As we continue this process of looking and observing, we will be shifting our attention more and more away from form to the content in our minds. And eventually we will relate to ourselves and everyone else primarily on that level, while at the same time we will be functioning normally in our day-to-day activities (form). Thus, when we realize how we make differences important, and then seek to correct that (we change teachers in our mind), our perception will shift to the interests we all share -- that we all are suffering tremendous anguish and guilt over believing we selfishly separated from our Source, and that we all are longing to go back home to Heaven. As that becomes our abiding perception, then our investment in individuality will begin to weaken, without our even working on that directly.
The transition to the experience of everything as mind, thus, would be more natural, and certainly more gentle than trying to pressure ourselves to get beyond the body and form entirely. This is why Jesus reminds us often that we are involved in a process of undoing what we have made in error. We start where we are -- with what we are most familiar with. Near the end of the text, Jesus tells us, “Salvation does not ask that you behold the spirit and perceive the body not. It merely asks that this should be your choice” (T.31.VI.3:1). Thus, our willingness to change from the ego's purpose to the Holy Spirit's purpose for the world and the body is what will facilitate the gentle transition to true perception, and to the vision we share with Jesus.
Q #1252: If God is not aware of our illusion of separation, how did He know to send the Holy Spirit to help us? One thought that comes to me is that the Holy Spirit is a construct of, (or is?) our Christ Mind and so was in our mind, and remains so, even when we imagine that we are separate. Therefore, are Jesus, and the Christ Mind, and the Holy Spirit and the "Son of God" all the same? Is the idea of Trinity really a twosome (God and his Creation meaning all of the above terms?) I would be so grateful for your input.
A: We have already answered your first question, and refer you to Questions #459 and #616 for our response. The Holy Spirit, as presented in A Course in Miracles is not considered a construct of our Christ Mind. He symbolizes for us the memory of our true Self that resides in the sane part of our post-separation mind -- an illusory split mind, of course, as the separation never truly happened. You might say that the Holy Spirit is in the Mind of God, not the Christ Mind, insofar as Jesus tells us that when the separation is completely undone, the Holy Spirit will no longer take form -- as the Voice for God -- but will return to the eternal formlessness of God (C.6.5:8) . Another discussion of this with additional references may be found in Question #1159.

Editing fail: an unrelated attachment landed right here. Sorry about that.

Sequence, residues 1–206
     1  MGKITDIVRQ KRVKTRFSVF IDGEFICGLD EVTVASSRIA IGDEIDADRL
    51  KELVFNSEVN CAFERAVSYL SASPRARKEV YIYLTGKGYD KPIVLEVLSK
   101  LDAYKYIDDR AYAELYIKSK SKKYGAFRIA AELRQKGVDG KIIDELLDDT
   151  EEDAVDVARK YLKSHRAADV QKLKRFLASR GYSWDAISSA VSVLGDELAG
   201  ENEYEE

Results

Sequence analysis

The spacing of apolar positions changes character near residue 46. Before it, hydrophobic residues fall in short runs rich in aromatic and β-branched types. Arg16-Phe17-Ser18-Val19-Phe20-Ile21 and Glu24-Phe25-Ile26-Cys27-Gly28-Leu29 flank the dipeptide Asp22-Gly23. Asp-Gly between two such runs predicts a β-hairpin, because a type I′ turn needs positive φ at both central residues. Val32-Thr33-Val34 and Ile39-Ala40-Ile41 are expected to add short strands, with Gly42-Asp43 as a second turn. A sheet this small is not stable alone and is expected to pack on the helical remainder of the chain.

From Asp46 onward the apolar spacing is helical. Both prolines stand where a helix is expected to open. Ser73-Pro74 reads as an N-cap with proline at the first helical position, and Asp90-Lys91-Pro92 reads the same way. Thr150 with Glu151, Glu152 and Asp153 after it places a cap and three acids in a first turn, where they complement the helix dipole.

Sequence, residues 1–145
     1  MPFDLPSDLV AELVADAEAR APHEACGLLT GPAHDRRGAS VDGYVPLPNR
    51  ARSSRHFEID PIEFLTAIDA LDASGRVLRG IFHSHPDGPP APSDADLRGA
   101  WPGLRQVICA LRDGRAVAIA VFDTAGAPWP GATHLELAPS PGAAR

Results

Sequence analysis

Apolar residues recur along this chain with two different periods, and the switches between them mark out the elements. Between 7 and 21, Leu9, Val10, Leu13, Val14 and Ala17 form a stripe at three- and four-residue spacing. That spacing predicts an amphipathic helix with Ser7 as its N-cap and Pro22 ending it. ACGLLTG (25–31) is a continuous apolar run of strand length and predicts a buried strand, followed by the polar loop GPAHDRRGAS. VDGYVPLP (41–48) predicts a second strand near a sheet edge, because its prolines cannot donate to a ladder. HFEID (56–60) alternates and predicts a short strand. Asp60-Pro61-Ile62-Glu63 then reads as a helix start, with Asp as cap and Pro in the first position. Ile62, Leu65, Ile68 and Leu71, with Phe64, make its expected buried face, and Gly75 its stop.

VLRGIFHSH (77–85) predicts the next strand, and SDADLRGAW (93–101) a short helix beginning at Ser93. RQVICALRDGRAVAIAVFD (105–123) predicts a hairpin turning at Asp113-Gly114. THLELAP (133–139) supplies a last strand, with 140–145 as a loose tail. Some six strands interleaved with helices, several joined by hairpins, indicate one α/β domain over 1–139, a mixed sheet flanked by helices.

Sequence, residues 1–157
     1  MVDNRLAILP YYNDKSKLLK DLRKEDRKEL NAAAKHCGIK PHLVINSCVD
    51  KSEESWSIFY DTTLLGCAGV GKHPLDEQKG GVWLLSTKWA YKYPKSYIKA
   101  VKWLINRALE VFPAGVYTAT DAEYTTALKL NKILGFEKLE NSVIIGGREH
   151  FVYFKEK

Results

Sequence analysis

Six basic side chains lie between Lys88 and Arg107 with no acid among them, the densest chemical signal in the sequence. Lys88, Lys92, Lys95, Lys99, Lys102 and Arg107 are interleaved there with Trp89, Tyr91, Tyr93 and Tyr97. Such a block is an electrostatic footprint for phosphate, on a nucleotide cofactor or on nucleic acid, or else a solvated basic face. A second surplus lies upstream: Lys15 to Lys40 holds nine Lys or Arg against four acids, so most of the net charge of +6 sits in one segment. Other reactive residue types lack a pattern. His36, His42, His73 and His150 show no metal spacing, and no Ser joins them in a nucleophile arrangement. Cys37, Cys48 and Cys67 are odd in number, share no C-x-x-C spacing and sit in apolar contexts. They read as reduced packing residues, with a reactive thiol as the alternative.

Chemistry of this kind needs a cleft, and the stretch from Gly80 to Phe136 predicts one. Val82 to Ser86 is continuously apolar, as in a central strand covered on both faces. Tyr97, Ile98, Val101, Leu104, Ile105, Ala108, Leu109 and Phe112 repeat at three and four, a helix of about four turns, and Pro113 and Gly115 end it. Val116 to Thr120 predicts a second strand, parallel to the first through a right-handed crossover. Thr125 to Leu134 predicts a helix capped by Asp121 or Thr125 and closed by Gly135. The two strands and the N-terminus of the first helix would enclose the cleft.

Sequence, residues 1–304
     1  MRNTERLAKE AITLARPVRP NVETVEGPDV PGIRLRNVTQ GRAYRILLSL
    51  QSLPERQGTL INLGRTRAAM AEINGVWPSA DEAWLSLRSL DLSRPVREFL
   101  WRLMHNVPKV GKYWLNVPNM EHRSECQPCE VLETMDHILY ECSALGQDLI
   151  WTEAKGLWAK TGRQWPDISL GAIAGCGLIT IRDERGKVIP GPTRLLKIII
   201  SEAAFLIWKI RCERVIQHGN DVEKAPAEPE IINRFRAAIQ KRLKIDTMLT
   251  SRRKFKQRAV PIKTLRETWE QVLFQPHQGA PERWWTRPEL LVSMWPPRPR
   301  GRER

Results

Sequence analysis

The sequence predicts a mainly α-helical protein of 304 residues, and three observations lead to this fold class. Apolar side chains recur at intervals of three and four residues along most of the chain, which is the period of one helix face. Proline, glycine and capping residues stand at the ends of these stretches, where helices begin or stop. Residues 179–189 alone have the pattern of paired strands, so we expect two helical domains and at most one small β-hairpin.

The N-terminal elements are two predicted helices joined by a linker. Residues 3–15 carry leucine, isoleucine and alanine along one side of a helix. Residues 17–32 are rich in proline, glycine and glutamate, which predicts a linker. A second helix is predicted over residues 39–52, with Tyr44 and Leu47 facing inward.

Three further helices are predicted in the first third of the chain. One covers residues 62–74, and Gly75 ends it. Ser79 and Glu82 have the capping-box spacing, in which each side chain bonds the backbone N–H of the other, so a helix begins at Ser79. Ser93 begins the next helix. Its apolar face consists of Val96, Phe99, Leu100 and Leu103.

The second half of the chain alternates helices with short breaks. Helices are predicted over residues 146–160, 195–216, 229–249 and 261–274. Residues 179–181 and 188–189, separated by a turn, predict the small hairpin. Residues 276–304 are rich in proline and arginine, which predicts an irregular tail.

Questions #625 and #626 pertain to your queries about the nature of God and Jesus. What always helps when trying to piece together a theology is to remember that we are dealing with symbols. Reality is pure oneness, which is incomprehensible to us as long as we experience ourselves as individuals consciously thinking about issues. This is the main point of Jesus' discussion in the first section of Chapter 25 (T.25.I.5,6,7). He uses language and concepts that we can understand, but his purpose is to lead us beyond that level to the experience of God's Love, which transcends all form and symbol. Jesus, as we describe in #626 above, reflects or symbolizes God's Love in a form we can relate to, and in this sense he is not the Christ Mind. He is the Son of God, the same as we are in our separated state. In emphasizing our equality with him on this level, he corrects the biblical view that he alone is God's Son, and we the adopted sons of God. The term Son of God is also used in the Course to refer to Christ, our true Self, the Second Person of the Trinity. Thus, the term is used for our true Self, Christ, as part of the Oneness of God's Being, and it is also used for the post-separation self, or the decision maker that can choose to awaken from the dream of separation from God.